Oldtimers

Men’s hockey dressing rooms are the last havens left in this country battling the scourge of political correctness. I’m talking Old Timers now, because that’s what I am. I can’t say that I still feel like I’m twenty five years old because that’s a long time ago. And I sure as hell don’t look like I’m twenty five. There’s a constant reminder of that every time I look in the mirror. Ouch.
But hockey brings out frank, refreshing and honest conversation among people and it’s not just among Canadians. Ask Brian Burke. And I can even vouch for what goes on in the shinny confines of a non-traditional hockey country such as France. We were over there in 1995-96 on a teaching exchange and I managed to wangle myself onto a team in the French National League as the only Canadian permitted. I was thirty nine years old, well beyond my salad days. I remember a couple of incidents which reminded me that my chronological counter had surpassed my teammates. We were playing in Nice, which had a beautiful building surrounded by glass walls on the top level, where the rink was situated. It provided a beautiful view of the lights and the skyline of Nice, an interesting diversion, especially if the game was not going too well. Before suiting up for the night’s match a large crowd jammed into the elevator, including some of the opposition players and their girlfriends. One of the fairer sex, glancing about the enclosed space, caught my eye. Immediately she learned over and in a stage whisper she made her observation to her boyfriend. “My God, they’re an old team !” I was even wearing a hat at the time.
And it’s not just the opposition which relishes the non-politically correct pastime of expressing brutally frank opinions. I was at least ten years older than the next oldest player on the team, also a Canadian but one who was the possessor of a French passport. Most of the others were in their early twenties. I’d run out of tape while adjusting my shin pads and innocently asked Fabien, sitting right beside me, if I could borrow a small amount. Fabien was eighteen years old. He looked over and hesitated, perhaps feeling that hockey tape, expensive in France, would be wasted on a thirty nine year old who might drop dead of a heart attack on his next shift. He demurred, dropping the tape quickly into his bag as if concealing the fact that it had ever existed.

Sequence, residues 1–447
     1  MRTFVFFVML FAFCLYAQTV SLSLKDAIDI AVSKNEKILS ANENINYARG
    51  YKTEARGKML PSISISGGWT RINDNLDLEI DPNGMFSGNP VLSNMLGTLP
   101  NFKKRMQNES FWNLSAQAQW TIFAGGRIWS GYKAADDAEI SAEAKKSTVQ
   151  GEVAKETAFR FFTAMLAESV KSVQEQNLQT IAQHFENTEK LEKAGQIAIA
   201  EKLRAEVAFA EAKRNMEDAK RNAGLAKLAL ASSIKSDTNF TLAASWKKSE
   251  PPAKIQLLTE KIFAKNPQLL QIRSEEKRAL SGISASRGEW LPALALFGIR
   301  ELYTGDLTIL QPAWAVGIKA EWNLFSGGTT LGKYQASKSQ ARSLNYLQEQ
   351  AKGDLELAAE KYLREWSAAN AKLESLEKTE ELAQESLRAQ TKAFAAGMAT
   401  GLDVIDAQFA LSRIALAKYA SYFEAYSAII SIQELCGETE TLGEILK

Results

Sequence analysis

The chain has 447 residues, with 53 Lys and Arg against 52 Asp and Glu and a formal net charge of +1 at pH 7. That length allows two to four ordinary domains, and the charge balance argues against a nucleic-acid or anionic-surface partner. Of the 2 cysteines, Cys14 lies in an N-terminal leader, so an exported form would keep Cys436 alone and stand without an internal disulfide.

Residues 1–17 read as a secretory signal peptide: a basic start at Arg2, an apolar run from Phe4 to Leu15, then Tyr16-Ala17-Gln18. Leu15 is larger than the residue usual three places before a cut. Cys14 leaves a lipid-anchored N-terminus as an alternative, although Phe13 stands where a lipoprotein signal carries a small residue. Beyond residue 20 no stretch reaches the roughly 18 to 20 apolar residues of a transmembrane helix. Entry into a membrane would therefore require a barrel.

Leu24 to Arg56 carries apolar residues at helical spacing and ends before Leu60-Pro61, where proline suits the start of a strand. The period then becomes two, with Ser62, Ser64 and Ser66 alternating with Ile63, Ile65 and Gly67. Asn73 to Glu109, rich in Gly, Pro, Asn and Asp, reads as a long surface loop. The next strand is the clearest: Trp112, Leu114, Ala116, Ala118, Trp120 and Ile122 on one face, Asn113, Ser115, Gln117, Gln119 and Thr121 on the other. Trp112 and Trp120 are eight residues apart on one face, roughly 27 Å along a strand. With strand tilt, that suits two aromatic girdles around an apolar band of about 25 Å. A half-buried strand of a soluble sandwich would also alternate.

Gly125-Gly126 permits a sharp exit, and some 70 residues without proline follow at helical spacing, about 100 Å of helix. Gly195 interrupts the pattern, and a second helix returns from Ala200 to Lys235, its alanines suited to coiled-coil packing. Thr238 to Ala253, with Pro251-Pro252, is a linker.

The shifty manoeuvre was not lost on Christophe, a twenty six year old defenseman sitting across the room. “Pauvre Perras,” he sympathized. Frenchmen always address each other using the last name. “These young guys today have no respect for their elders. Give the old boy some tape, Fabien. He’s just about an historical monument.”
And today, back in my homeland, feelings in the dressing room have no better chances of being spared. I hardly know the last names of most of the guys on the four different teams on which I play. Don’t know what their job is, how many kids they have or whether they’re married or not. It doesn’t matter. No one is allowed to talk on at any length about their kids’ accomplishments, their own ailments, or even about how they scored their last goal. Such indulgence would only be met with a torrent of verbal abuse. What a glorious refreshing escape from office politics or cocktail party chatter. Even the team names are often self-deprecating. In our Rusty Blades league we happen to have both Roger Smith, the ex-CTV news correspondent and Jim Munson, a member of the much-pilloried Senate. Very good friends from their days of both being television correspondents in London and Beijing, they are known to still stay in very close contact. Soon after one game, sitting in a local watering hole, Roger had mentioned that he was waiting on a phone call from his daughter who would soon be returning to Ottawa after a semester at McGill University. Sitting on the other side of me was Gary, who called himself the Rocket, because he was anything but. Gary didn’t know a thing about Roger’s impending call. When the cellphone went off Gary leaned over and whispered, “It’s probably Munson.” Roger answered his call.
“Hello darling,” he said, speaking loudly enough so that Gary the so-called Rocket could overhear.
A fiendish grin spread across Gary’s weathered face. “It’s Munson”, he chortled loudly, signalling the waitress to bring another beer.

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